The proposed resolution, submitted by the Restore Woodlake Committee, asked the board to join residents in their legal fight to fix the broken dam.
"As much as we would like to provide our county manager and county attorney, we're prohibited from doing that," Commissioner Catherine Graham said. "If we did that, than anytime any private entity would have a problem they would come to us and say 'We need the county attorney to give us legal advice.' "
Stay on top of breaking news stories with the ABC11 News App
David Watterson, the chair of the Restore Woodlake Committee, welcomed the board's sympathy but vowed to press on.
"We do have a daunting task ahead of us, and I think and hope we are up to the challenge."
After months of reporting by the ABC11 I-Team, the Attorney General's Office finally filed a court injunction against the development's German ownership team after years of negligence led to the dam's demise.
The injunction, filed January 27, asks the court to demand Woodlake LLC and its chair Illya Steiner either pay to fix the dam - or pay to break down the dam.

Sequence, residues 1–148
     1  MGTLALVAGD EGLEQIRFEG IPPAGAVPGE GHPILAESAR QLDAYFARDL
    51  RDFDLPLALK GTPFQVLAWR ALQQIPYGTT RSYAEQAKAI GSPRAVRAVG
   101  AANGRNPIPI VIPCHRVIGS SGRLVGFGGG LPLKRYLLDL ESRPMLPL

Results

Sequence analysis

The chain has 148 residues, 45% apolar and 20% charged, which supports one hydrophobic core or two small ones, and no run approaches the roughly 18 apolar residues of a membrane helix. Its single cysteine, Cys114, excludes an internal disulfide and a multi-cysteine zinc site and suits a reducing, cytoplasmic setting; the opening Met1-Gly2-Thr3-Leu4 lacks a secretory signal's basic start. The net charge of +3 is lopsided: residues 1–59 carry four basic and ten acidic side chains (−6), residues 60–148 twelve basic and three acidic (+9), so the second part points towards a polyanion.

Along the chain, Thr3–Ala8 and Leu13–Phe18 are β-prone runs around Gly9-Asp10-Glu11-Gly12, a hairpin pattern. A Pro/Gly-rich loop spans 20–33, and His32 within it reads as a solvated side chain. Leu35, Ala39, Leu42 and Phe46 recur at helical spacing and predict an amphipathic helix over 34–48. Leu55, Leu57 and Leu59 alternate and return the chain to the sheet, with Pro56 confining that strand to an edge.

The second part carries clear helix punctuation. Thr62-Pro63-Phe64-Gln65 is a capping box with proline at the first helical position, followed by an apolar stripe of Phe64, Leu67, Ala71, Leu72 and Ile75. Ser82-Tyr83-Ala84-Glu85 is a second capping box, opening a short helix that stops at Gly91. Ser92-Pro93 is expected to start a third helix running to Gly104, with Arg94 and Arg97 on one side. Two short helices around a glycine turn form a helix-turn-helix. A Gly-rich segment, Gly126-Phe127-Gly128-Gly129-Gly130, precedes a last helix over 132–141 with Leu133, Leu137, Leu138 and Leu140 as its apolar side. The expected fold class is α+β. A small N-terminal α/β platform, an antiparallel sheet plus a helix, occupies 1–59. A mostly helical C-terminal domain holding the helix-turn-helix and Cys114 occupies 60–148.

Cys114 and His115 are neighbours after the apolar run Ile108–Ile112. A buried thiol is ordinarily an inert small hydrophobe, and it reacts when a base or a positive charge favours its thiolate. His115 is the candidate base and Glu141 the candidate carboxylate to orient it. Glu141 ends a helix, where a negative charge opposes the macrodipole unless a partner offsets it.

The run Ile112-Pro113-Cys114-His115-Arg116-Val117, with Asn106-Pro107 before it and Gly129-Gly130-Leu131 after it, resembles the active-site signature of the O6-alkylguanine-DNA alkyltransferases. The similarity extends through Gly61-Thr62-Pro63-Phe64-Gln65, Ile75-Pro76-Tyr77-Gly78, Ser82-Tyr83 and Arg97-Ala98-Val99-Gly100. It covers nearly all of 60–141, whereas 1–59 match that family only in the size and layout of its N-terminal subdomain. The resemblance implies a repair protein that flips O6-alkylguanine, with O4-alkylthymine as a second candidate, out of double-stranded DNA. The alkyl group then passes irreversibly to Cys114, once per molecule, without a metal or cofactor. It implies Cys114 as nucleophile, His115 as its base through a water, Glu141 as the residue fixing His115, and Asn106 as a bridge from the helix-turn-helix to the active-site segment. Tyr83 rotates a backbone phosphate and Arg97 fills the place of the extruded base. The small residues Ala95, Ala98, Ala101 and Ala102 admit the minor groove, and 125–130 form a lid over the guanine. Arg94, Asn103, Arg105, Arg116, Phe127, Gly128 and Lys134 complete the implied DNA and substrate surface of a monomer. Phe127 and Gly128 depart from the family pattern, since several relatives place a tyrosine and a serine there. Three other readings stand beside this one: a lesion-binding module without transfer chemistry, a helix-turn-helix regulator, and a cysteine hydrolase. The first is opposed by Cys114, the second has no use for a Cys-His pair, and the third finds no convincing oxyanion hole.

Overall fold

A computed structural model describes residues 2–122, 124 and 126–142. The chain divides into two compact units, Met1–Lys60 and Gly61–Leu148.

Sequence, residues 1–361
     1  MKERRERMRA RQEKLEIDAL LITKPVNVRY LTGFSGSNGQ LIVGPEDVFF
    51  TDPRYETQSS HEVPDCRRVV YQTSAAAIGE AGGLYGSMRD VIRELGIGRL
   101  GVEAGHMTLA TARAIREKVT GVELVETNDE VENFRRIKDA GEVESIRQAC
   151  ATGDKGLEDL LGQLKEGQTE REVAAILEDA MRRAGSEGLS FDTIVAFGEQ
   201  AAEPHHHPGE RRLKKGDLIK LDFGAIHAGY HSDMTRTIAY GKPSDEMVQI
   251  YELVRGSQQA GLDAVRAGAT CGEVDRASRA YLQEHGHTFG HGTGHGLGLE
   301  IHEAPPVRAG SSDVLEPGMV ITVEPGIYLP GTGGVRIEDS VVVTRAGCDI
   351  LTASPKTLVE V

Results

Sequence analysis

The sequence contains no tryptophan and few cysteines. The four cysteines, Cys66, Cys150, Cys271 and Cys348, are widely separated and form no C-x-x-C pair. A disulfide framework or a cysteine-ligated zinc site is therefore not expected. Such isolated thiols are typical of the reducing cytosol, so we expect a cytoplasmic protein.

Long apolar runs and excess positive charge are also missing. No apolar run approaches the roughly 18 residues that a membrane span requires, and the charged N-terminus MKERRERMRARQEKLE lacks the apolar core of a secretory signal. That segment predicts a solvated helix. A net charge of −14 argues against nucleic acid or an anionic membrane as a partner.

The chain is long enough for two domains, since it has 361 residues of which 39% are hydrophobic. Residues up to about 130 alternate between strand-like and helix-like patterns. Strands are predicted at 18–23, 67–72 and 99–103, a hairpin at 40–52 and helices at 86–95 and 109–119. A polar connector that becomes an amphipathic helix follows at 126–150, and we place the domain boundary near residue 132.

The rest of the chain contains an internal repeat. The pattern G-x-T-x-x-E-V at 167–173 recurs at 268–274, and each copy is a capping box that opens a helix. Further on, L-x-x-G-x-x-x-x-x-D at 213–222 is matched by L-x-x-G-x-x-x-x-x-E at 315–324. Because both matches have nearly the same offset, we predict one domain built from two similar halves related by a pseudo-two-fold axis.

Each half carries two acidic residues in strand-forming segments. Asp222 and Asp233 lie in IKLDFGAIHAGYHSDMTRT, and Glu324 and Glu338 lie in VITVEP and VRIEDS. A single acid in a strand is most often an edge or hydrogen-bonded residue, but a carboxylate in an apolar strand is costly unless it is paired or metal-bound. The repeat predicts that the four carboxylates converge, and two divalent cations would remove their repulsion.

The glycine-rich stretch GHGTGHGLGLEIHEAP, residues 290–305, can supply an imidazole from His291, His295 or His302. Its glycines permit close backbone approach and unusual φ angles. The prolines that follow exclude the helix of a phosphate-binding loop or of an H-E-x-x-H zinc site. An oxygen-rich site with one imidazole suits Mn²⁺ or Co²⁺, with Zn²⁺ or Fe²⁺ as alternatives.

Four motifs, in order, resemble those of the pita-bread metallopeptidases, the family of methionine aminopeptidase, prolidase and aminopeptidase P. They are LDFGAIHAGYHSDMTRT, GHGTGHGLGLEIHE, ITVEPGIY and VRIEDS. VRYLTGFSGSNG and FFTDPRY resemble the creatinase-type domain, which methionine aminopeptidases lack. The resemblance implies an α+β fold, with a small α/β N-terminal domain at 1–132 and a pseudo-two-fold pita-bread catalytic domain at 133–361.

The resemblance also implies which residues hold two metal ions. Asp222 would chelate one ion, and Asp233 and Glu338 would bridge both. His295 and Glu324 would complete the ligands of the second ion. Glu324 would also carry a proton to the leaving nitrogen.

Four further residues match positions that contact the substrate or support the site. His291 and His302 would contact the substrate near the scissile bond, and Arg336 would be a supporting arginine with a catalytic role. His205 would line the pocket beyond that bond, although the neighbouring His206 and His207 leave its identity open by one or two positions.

Steiner has 30 days from the injunction's filing to submit a written response to the court.
The move follows nearly two months of inaction on the part of Steiner and the local manager at Woodlake, Julie Watson.
Geosyntec, an international firm with field offices in Raleigh, was originally hired by Steiner to work closely with state officials to fix the maligned dam that nearly failed during Hurricane Matthew. The heroic efforts of the National Guard to sandbag the dam and save hundreds of homes downstream was one of the lasting images from the historic storm.
The firm, however, cut ties with Woodlake in January. Documents obtained by the ABC11 I-Team show Steiner owed Geosyntec more than $270,000.
Now, months after Hurricane Matthew, the dam remains broken, fully empowering the state to enforce its many dam safety orders and citations issued to Woodlake during the past several years.
The last DSO, issued on November 17, mandated that the Woodlake must have had its engineers begin work on a temporary breach of the dam begin by December 8th and be completed by December 31, 2016. Additionally, the DSO gave the dam owners 91 days from the order's issue for engineers to submit complete plans for the repair of the dam.
According to the DSO, had the conditions not been met, the owners would face fines of up to $500 a day.
A spokesperson for the NC Department of Environmental Quality (DEQ) told ABC11 that Woodlake was given five days from December 8 to provide a written response to the DEQ with an update on their plans and work.
That never happened.
Report a Typo